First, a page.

Letters to The Editor, Week of Aug. 8, 2019

‘Small Kitchen,’ big headache

To The Editor:

Re “Loud Soho restaurant ‘wrecked block’: Neighbors” (news article, Aug. 1):

Sometimes a restaurant moves into a neighborhood and is oblivious to the residents where it has situated itself. So it is with Thompson St.’s Piccolo Cucina that attracts a very fun-loving clientele. That’s fine, but… .

There is no accommodation — exposed brick that bounces the music and yelling around like a pinball machine — to the fact that this eatery is in what (formerly was) a quiet residential street.

Come summer, it’s ultra-volume music and happy chatter, with voices in elevated pitch trying to be heard above the music. It can be heard one-quarter the distance of the block to the corner. It’s like living inside a disco.

One building resident moved out because of the racket, actually relocating in the neighborhood due to the noise.

It appears after a deluge of complaints that the restaurant has begun to adhere to its stipulation and closes its glass windows/doors by the designated 10 p.m. 

It took a concerted neighborhood effort to get them to do that — or maybe they’re just keeping the air conditioning inside.

But noise isn’t the restaurant’s only “ignoring the neighborhood” modus operandi. Hordes blocking the sidewalk — waiting for tables or hanging out — prevent people who are trying to pass. The mass also includes a cadre of smokers, mostly fun-loving Europeans, who can’t smoke inside.

The restaurant generates so much garbage that the trash receptacles are tossed wily-nilly on the sidewalk after the pickup, blocking the sidewalk in the morning. When asked about this, the restaurant blames its sanitation company, instead of having the containers moved inside in a timely fashion. Morning passersby have to navigate the empty bins and the open hatch, which opens very early.

The restaurant’s owner has two others in Soho. Noise is similarly generated from the Spring St. location, and one neighbor who lives across the street is kept up at night when apartment windows are open.

The Spring St. restaurant drilled into a tree to hang a holder for its promotional material and menus when the restaurant is closed. Someone must have complained, since that was short-lived. 

Even the outdoor seating on Spring St. violates the required 8-foot clearance from the barrier on the nearby tree pit.

The owners probably feel that because they’re paying such exorbitant rents, they can do whatever they want to, and to hell with people who live in the neighborhood.

Obviously, they care not a wink for their neighbors.

Darlene Nation

 

Help, police! C.B. 2!

To The Editor:

Re “Loud Soho restaurant ‘wrecked block’: Neighbors” (news article, Aug. 1):

This scene is not any different from what goes on at Felix, at West Broadway and Grand St., every Sunday. 

I too have contacted the First Precinct many times, as have my neighbors, and been told that police have sat down with the owner and have his cooperation. Nothing has changed. 

I suggest that people show up at the First Precinct on the last Thursday of the month to voice their complaints to the police.

It’s really disgusting how these bar/restaurant owners are getting away with this stuff and we are getting no support from the police or Community Board 2.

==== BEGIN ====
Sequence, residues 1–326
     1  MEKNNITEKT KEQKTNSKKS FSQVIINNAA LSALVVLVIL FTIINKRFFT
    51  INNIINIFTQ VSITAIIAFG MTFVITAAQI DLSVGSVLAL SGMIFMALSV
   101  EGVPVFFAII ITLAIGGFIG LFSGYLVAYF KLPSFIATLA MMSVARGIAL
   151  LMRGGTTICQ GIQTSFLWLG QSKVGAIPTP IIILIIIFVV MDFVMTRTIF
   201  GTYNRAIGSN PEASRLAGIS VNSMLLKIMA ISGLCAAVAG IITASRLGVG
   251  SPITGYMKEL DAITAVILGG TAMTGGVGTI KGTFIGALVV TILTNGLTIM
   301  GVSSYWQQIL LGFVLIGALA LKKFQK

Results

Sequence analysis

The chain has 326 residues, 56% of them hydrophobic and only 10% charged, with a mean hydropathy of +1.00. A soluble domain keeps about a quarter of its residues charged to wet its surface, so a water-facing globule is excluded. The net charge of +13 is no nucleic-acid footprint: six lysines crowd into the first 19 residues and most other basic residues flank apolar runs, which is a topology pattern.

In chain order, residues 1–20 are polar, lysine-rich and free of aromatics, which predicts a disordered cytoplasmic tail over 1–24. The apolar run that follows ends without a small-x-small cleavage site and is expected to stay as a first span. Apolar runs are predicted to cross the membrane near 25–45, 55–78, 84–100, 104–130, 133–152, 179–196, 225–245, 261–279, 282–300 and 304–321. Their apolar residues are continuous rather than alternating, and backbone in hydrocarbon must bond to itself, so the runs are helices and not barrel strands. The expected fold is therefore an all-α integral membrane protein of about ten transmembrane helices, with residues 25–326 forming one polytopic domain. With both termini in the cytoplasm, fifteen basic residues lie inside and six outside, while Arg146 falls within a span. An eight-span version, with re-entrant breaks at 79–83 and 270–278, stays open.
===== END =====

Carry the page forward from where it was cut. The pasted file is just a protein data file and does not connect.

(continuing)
Kay Powell

 

Time to speak up

To The Editor:

Re “Loud Soho restaurant ‘wrecked block’: Neighbors” (news article, Aug. 1):

This is a police matter. Register the complaint with 311 and call the precinct. Go to the monthly First Precinct Community Council Meeting. Insist they do their jobs. Also tell the community board and the State Liquor Authority. 

Unless people show up at community board public hearings or register complaints, the board is unlikely to even know there are problems with restaurants.

Lora Tenenbaum

Former Manhattan District Attorney Robert Morgenthau prosecuted East Village anarchists harshly after the 1990 May Day riot in Tompkins Square Park, according to letter writer Bill Weinberg. More than a dozen people were arrested — charged with disorderly conduct and assault on police — during the night of protests. (Photo by Jefferson Siegel)

‘Morgy’ memories

To The Editor:

Re “Robert Morgenthau, 99, iconic D.A.” (obituary, Aug. 1):

The Central Park 5 later sued the city and won a multimillion dollar settlement — which Donald Trump protested in a Daily News opinion piece.

Also, given that this is The Villager, it would be good to recall Morgenthau’s prosecution of the Tompkins Square anarchists after the 1990 May Day riot. Kenny Toglia served a year in Rikers on dubious “incitement” charges thanks to Morgenthau’s prosecutorial zeal.

Bill Weinberg 

 

Shut down L.M.D.C.

To The Editor: 

A cat has nine lives and so does the Lower Manhattan Development Corporation.  Seventeen years since its founding and $2.8 billion later, the L.M.D.C. should have completed its mission. Are there political motivations for Governor Andrew Cuomo, Assembly Speaker Carl Heastie, Senate Majority Leader Andrea Stewart-Cousins and Mayor Bill de Blasio for defending this agency and keeping it open? It is time for the L.M.D.C. to close its doors and move on. 

Larry Penner

 

E-mail letters, not longer than 250 words, to [email protected] or fax to 212-229-2790 or mail to The Villager, Letters to the Editor, 1 MetroTech North, 10th floor, Brooklyn, NY 11201. Please include phone number for confirmation. The Villager reserves the right to edit letters for space, grammar, clarity and libel. Anonymous letters will not be published.

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